Koh Tao in the rain.

The weather conditions have been quite changeable over the last few weeks. We had a group of divers from the UK arrive last Sunday and the weather had just cleared up.  We had four or five days of good conditions and  we just squeezed in a Sail Rock Trip and South West – where we saw a whaleshark since then,Thursday, its rained heavily, off and on, but at around 9pm last night the rain poured down and hasn’t really stopped since, 24hours later!
 

Wilco made it out this morning (Mon 28th)on the pretense of going for food ( which we and our neighbour did need) but really he couldn’t wait to get out and have a look.  It’s not nice out there…..
 

Georgie, our dog, went with him so far but she lost her footing and came back to the balcony looking dejected and bedraggled. Our cats have periodically displayed ‘children-in-a-caravan-in-wet- weather-like behavior.
 

We live at the top of the hill in Sairee so we are used to the hill down turning into a river but we’ve never seen it like this – even in monsoon. At 10am the top of our road was ankle deep and moving fast.
 

The bottom of the hill where the concrete ends had dropped away half a meter. The next bit is made of sand and now is fast moving river rapid. The rain has caused deep gullys. The sand around 2 huge boulders has eroded leaving another half meter drop. The corner of the road was not in too good a state after monsoon and then the recent rain but it has totally dropped away causing another drop but this time of 1.5 meters.
 

After the corner, you can see where the road used to turn left – that grey block around 2m up on the left.  Look closely and you can see the house with the blue roof behind the wooden but has collapsed. We know of two other serious tree and roof altercations.
 

Sairee village by Morava and Choppers is underwater – its shin deep in Morava and tables and chairs are floating around. Charlotte in on the hill in Chaock where its waist deep near Aukoaon.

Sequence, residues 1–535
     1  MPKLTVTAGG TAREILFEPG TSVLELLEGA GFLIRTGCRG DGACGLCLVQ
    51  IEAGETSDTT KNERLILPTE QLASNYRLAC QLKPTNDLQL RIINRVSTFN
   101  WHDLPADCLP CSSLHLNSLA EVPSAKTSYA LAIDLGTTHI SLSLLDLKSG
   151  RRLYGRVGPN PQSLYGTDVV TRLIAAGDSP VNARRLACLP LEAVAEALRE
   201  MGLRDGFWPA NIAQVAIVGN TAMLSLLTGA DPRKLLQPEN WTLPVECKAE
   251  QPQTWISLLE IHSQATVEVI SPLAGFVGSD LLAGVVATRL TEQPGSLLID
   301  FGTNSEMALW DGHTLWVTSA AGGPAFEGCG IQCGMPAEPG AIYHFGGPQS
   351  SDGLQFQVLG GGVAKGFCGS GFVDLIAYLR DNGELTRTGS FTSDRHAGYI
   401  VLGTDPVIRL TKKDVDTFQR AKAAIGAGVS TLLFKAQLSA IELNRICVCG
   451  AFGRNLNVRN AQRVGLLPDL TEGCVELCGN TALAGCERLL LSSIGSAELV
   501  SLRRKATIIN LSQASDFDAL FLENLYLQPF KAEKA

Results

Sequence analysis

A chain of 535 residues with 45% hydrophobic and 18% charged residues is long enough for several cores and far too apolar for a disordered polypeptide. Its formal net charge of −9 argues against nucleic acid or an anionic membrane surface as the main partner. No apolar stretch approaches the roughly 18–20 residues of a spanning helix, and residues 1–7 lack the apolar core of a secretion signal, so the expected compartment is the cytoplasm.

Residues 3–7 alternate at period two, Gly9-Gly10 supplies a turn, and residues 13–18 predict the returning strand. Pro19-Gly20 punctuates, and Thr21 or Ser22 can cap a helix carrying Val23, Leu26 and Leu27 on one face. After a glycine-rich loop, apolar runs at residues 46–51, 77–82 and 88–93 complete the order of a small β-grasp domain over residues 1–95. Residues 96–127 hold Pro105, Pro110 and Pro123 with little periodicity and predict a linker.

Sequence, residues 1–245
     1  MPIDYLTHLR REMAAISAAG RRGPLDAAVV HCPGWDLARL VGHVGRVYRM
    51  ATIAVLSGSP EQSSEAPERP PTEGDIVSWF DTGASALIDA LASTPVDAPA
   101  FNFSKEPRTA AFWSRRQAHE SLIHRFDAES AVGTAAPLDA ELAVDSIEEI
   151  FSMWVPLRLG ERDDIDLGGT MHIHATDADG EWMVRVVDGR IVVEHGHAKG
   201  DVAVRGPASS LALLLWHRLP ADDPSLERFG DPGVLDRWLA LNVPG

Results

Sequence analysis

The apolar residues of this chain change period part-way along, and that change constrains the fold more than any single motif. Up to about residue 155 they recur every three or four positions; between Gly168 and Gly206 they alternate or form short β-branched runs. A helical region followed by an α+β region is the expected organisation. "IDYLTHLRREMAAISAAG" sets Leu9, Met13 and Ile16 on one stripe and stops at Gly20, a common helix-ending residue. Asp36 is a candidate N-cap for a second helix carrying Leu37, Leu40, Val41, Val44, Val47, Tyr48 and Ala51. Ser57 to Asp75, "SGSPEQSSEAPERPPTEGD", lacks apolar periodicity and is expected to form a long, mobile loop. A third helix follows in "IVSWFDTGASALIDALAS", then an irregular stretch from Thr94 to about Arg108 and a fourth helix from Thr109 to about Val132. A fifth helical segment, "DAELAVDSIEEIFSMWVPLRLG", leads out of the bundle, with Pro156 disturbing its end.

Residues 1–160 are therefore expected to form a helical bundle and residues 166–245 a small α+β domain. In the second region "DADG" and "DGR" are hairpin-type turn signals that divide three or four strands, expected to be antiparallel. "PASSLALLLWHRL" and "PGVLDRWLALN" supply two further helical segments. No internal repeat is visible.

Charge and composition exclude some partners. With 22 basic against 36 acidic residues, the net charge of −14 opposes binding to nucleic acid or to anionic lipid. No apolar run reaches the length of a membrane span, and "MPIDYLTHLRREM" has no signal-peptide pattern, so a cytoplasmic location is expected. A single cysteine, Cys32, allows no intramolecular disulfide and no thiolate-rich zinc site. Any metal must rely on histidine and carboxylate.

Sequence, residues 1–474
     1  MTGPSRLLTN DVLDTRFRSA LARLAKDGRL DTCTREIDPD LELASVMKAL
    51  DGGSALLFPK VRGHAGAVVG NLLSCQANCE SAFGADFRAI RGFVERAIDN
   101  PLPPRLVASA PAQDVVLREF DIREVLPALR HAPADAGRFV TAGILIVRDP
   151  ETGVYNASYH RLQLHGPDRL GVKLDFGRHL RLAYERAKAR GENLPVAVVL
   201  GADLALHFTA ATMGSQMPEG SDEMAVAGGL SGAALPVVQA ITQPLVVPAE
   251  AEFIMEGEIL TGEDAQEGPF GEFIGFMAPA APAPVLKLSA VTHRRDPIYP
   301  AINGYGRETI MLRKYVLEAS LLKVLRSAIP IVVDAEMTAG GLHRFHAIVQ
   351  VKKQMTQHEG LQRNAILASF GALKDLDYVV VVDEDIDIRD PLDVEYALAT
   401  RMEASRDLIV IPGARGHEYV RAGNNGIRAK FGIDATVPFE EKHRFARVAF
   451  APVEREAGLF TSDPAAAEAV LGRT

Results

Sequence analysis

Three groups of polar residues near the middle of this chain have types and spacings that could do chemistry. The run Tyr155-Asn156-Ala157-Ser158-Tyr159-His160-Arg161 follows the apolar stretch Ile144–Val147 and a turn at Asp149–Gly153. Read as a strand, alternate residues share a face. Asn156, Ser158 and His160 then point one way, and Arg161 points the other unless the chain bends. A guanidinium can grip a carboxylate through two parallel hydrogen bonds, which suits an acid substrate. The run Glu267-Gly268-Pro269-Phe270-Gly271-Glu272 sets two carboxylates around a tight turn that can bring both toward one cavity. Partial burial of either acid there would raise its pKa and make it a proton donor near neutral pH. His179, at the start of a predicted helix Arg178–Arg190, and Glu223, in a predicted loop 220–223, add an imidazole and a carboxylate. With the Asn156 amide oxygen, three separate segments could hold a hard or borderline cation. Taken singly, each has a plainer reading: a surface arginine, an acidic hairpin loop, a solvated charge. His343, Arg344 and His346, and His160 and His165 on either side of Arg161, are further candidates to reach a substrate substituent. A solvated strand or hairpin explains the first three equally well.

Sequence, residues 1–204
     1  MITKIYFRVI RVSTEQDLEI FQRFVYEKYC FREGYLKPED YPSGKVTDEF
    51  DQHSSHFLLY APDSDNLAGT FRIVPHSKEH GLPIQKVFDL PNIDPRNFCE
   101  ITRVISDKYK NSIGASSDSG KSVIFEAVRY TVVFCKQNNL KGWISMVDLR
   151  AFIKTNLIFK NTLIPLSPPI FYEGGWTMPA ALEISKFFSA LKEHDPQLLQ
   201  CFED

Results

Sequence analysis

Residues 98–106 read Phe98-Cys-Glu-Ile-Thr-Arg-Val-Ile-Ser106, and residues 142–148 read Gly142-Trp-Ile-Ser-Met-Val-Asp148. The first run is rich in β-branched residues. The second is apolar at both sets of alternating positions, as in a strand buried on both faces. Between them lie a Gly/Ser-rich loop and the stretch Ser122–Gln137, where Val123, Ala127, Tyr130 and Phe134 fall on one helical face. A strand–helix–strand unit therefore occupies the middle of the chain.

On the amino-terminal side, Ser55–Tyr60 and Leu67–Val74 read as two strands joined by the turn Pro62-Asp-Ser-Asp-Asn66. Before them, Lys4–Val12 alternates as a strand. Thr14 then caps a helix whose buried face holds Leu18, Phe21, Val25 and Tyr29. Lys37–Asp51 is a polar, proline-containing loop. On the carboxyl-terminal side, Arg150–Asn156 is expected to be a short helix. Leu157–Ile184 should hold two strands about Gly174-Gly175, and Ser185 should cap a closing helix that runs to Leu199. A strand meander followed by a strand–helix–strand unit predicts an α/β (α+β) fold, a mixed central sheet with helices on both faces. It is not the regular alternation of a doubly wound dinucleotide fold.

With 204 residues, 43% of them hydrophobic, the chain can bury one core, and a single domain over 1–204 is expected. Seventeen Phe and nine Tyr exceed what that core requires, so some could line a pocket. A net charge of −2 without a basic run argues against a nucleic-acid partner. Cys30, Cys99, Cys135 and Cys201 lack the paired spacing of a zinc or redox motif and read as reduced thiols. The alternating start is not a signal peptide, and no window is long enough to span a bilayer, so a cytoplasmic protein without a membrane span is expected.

The main road in Sairee is also underwater. We have had reports of trees through roofs and half collapsed houses too but everyone is safe. We closed Master Divers at midday. Only Pu made it to the shop and that’s because she lives just a minute away.  There’s certainly no diving and no boats so far until 30th.  It’s still raining……
 

Me…I’m taking a lesson from our cats ……Snuggling under a blanket…
 

One thought on “Koh Tao in the rain.

  1. Hi, this is Charlotte, on what has been happening in Chalok in the South. There are a few flooded shops and 7-11 is closed and a lot of clearing up is going on. There are some new holes and ditches, but on the whole it is all looking OK, although the same cannot be said for parts of the road, the water depot and ” yard” opposite Aukotan nor several electricity pylons, all of which have been consumed by the torrent coming down the road and from the storm drains. What was a stream that was maybe 1.5 metres wide is more like 5-6 times the width, and a whole section of land opposite Aukotan has simply disappeared and is now a huge 1.5 metre deep mini lake – it used to be the same level as the road with a metre high bank! The ‘lake’ out of our little valley, which was waist deep when I attempted to get to work yesterday, has gone down to ankle deep this afternoon thanks to a collapsed retaining wall – I wouldn’t like to be the other side of the wall though. Like Ayesha, our exit has all but washed away. We have a 0.5 metre drop in the road, and yesterday all the sand had been deposited 10 metres further down, so when you tried to wade through, you sank up to your knees, basically into a quicksand type mix, with the rest of the brown water up near your waist; the chickens in the chicken farm were not looking happy, but at least they were quiet for a while – they are back to their usual noise today!! Where our road meets the main road, or should I say the torrent that it was yesterday, the sides of the roads have disappeared, living 0.5 metre deep and wide gullies, which you can’t see because they are filled with water. I only know this because my landlord fell into it, but no damage was done!

    I am lucky – I live in a concrete house – my thoughts are with those who don’t have such luxury, like many of the Burmese on the island, whose housing is basic to say the least and is possibly just about waterproof when we have ‘normal’ wind and rain. Some have already had their housing washed away. I will leave you with that thought …..

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